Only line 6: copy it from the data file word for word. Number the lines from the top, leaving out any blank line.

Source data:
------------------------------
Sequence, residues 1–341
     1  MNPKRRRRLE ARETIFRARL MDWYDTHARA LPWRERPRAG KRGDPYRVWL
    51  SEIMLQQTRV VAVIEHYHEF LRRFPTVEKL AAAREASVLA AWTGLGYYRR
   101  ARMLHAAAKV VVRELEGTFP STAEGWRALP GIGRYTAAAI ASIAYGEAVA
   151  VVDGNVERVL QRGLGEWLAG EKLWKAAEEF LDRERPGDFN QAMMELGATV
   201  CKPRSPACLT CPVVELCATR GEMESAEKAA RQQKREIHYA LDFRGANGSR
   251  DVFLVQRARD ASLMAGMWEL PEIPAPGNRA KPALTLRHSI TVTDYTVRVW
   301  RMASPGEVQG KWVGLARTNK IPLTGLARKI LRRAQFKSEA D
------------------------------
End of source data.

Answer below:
   201  CKPRSPACLT CPVVELCATR GEMESAEKAA RQQKREIHYA LDFRGANGSR